April Pyle, Courtney Young and Melissa Spencer: Photo courtesy UCLA Broad Stem Cell Research Center
People get into science for all sorts of different reasons. For Courtney Young the reason was easy; she has a cousin with Duchenne muscular dystrophy.
Now her work as part of a team at UCLA has led to a new approach that could eventually help many of those suffering from Duchenne, the most common fatal childhood genetic disease.
The disease, which usually affects boys, leads to progressive muscle weakness, which means children may lose their ability to walk by age 12 and eventually results in breathing difficulties and heart disease.
Duchenne is caused by a defective gene, which leads to very low levels of a protein called dystrophin – an important element in building strong, healthy muscles. There are many sections of the gene where this defect or mutation can be found, but in 60 percent of cases it occurs within one particular hot spot of DNA. That’s the area that the UCLA team focused on, helped in part by a grant from CIRM.
Skin in the game
First they obtained skin cells from people with Duchenne muscular dystrophy and turned those into iPS cells. Those cells have the ability to become any other cell in the body and, just as importantly for this research, still retain the genetic code from the person they came from. In this case it meant they still had the genetic defect that led to Duchenne muscular dystrophy.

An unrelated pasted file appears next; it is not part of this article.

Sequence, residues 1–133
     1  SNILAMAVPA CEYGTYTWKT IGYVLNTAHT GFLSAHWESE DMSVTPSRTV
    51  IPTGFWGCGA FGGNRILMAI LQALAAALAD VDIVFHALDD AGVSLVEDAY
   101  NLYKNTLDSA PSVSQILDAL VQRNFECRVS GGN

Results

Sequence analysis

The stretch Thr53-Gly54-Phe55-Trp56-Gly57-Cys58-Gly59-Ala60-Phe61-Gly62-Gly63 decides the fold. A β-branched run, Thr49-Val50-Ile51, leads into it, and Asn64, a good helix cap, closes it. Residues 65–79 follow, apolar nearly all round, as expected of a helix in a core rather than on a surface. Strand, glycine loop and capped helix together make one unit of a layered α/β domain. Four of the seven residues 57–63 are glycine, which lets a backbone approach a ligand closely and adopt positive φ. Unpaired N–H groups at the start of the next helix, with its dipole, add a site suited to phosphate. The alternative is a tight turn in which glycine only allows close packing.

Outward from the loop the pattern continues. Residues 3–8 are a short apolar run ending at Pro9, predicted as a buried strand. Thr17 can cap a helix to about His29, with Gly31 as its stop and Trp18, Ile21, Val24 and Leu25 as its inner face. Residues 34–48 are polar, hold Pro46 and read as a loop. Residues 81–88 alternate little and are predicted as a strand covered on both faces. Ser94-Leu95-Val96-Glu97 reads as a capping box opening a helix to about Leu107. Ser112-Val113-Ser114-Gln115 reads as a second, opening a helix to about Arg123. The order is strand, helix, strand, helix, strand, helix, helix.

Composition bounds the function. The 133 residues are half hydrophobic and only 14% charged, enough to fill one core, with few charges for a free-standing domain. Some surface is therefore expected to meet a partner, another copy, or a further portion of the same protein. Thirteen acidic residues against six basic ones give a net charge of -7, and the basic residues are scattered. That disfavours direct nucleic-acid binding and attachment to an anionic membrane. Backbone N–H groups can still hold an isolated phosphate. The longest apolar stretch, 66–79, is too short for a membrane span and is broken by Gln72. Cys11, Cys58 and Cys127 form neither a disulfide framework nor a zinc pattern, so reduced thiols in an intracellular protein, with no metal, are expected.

Then the researchers used a gene editing tool called CRISPR (we’ve written about this a lot in the past, you can a couple of those articles here and here and here) to remove the genetic mutations that cause Duchenne. They then turned those iPS cells into skeletal muscle cells and transplanted them into mice that had the genetic mutation that meant they couldn’t produce dystrophin.
To their delight they found that the transplanted cells produced dystrophin in the mice.
Breaking new ground
April Pyle, a co-senior author of the study, which appears in the journal Cell Stem Cell, said, in a news release, this was the first study to use human iPS cells to correct the problem in muscle tissue caused by Duchenne:
“This work demonstrates the feasibility of using a single gene editing platform, plus the regenerative power of stem cells to correct genetic mutations and restore dystrophin production for 60 percent of Duchenne patients.”
The researchers say this is an important step towards developing a new treatment for Duchenne muscular dystrophy, but caution there are still many years of work before this approach will be ready to test in people.
For Courtney Young advancing the science is not just professionally gratifying, it’s also personally satisfying:
“I already knew I was interested in science, so after my cousin’s diagnosis, I decided to dedicate my career to finding a cure for Duchenne. It makes everything a lot more meaningful, knowing that I’m doing something to help all the boys who will come after my cousin. I feel like I’m contributing and I’m excited because the field of Duchenne research is advancing in a really positive direction.”